The pro-prostitution lobby frequently cites Australia as an example of the success of the decriminalisation model. Policy regimes across the various Australian states and territories range from a highly regulated licensing approach that exists in the State of Victoria to a decriminalised approach that operates in the State of New South Wales. Here the only restrictions are that brothels must comply with local planning laws and street prostitution must occur in zoned areas. All told, across Australia, the law regards prostitution as legitimate work and brothel owners as business operators; and places minimal restrictions on their promoting prostitution as a professional, profitable business enterprise.i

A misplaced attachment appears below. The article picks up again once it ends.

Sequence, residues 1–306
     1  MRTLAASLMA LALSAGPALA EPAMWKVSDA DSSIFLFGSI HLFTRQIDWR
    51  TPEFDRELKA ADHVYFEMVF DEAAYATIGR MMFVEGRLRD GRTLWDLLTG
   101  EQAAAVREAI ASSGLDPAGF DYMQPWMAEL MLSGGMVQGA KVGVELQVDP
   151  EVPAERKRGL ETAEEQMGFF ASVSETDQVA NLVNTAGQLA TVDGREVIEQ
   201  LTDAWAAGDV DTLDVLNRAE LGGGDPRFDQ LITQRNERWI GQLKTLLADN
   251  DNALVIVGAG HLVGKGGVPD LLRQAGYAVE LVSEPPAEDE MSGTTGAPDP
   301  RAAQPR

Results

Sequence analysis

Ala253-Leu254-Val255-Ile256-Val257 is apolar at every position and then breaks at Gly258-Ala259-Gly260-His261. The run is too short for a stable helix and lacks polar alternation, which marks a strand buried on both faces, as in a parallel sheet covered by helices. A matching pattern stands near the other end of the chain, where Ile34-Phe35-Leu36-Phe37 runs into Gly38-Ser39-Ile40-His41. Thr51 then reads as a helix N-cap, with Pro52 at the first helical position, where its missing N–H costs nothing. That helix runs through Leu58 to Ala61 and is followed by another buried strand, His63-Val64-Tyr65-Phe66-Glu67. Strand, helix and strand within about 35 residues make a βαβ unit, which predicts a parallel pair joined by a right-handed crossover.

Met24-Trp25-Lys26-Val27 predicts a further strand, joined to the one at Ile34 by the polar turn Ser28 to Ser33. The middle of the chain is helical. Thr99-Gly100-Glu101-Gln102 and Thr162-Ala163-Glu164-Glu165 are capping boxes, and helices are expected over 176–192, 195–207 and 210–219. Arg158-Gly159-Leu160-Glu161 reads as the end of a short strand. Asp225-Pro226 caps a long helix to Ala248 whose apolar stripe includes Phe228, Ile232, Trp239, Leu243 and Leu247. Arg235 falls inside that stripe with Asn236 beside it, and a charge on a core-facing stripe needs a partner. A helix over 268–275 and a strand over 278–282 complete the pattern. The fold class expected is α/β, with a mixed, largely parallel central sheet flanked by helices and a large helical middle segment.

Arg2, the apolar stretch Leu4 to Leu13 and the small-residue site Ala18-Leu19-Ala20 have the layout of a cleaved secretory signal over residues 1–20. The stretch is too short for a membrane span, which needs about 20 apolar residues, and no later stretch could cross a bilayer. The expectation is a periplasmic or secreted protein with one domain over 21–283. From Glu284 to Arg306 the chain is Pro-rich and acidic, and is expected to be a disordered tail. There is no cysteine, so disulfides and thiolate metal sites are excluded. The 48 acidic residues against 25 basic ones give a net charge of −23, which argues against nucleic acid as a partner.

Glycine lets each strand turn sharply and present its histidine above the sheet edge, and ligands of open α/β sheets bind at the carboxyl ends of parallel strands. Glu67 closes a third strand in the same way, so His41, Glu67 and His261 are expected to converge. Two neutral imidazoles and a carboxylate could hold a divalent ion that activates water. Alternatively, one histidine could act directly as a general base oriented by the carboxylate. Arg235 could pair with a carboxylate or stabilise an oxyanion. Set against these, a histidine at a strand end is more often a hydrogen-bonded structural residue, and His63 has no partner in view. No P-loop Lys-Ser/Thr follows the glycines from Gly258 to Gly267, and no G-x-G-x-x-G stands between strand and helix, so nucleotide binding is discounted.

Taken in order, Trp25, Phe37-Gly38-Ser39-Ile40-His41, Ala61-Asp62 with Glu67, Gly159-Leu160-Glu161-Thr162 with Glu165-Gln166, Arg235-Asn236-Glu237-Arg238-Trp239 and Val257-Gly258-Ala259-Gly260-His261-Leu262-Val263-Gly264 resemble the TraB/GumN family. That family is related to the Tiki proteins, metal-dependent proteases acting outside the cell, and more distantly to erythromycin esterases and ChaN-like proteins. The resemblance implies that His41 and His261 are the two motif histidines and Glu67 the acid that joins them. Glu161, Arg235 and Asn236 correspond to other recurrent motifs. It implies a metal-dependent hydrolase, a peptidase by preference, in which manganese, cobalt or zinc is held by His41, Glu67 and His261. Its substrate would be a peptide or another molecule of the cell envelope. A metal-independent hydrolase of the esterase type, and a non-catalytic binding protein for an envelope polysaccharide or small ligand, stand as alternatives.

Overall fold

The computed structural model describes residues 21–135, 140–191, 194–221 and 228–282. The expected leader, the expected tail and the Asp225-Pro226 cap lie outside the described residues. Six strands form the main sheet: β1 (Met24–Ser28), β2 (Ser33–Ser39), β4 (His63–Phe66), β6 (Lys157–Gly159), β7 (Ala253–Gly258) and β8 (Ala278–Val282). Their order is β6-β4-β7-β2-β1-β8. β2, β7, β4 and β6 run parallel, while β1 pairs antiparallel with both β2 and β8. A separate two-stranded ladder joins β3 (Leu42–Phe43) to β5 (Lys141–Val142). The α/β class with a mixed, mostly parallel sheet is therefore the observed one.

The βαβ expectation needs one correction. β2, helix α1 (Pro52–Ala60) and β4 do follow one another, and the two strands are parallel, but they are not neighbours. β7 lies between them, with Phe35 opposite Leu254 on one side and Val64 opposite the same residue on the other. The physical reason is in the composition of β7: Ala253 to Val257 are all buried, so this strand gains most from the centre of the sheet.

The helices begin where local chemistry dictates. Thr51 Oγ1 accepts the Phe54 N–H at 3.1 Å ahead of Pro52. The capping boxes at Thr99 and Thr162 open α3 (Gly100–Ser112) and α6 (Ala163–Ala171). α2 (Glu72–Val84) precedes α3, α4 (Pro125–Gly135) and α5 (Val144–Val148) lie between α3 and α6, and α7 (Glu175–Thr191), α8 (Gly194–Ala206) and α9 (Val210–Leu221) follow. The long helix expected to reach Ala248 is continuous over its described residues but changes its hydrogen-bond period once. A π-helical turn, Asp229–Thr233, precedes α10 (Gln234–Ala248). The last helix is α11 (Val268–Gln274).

The Scarlet Alliance presents itself as the peak ‘sex worker’ association in Australia and is a major defender of the pro-prostitution position. Indeed the Association’s membership requires that those who join must agree to its objectives. Members must acknowledge that ‘sex work is a legitimate occupation’. Moreover they must be ‘actively promoting the right to work... including street, brothel, and escort, private and opportunistic work’.ii The Scarlet Alliance undisputedly opposes ‘the development of exit strategies and programs for women who wish to leave the sex industry, particularly trafficked women’.iii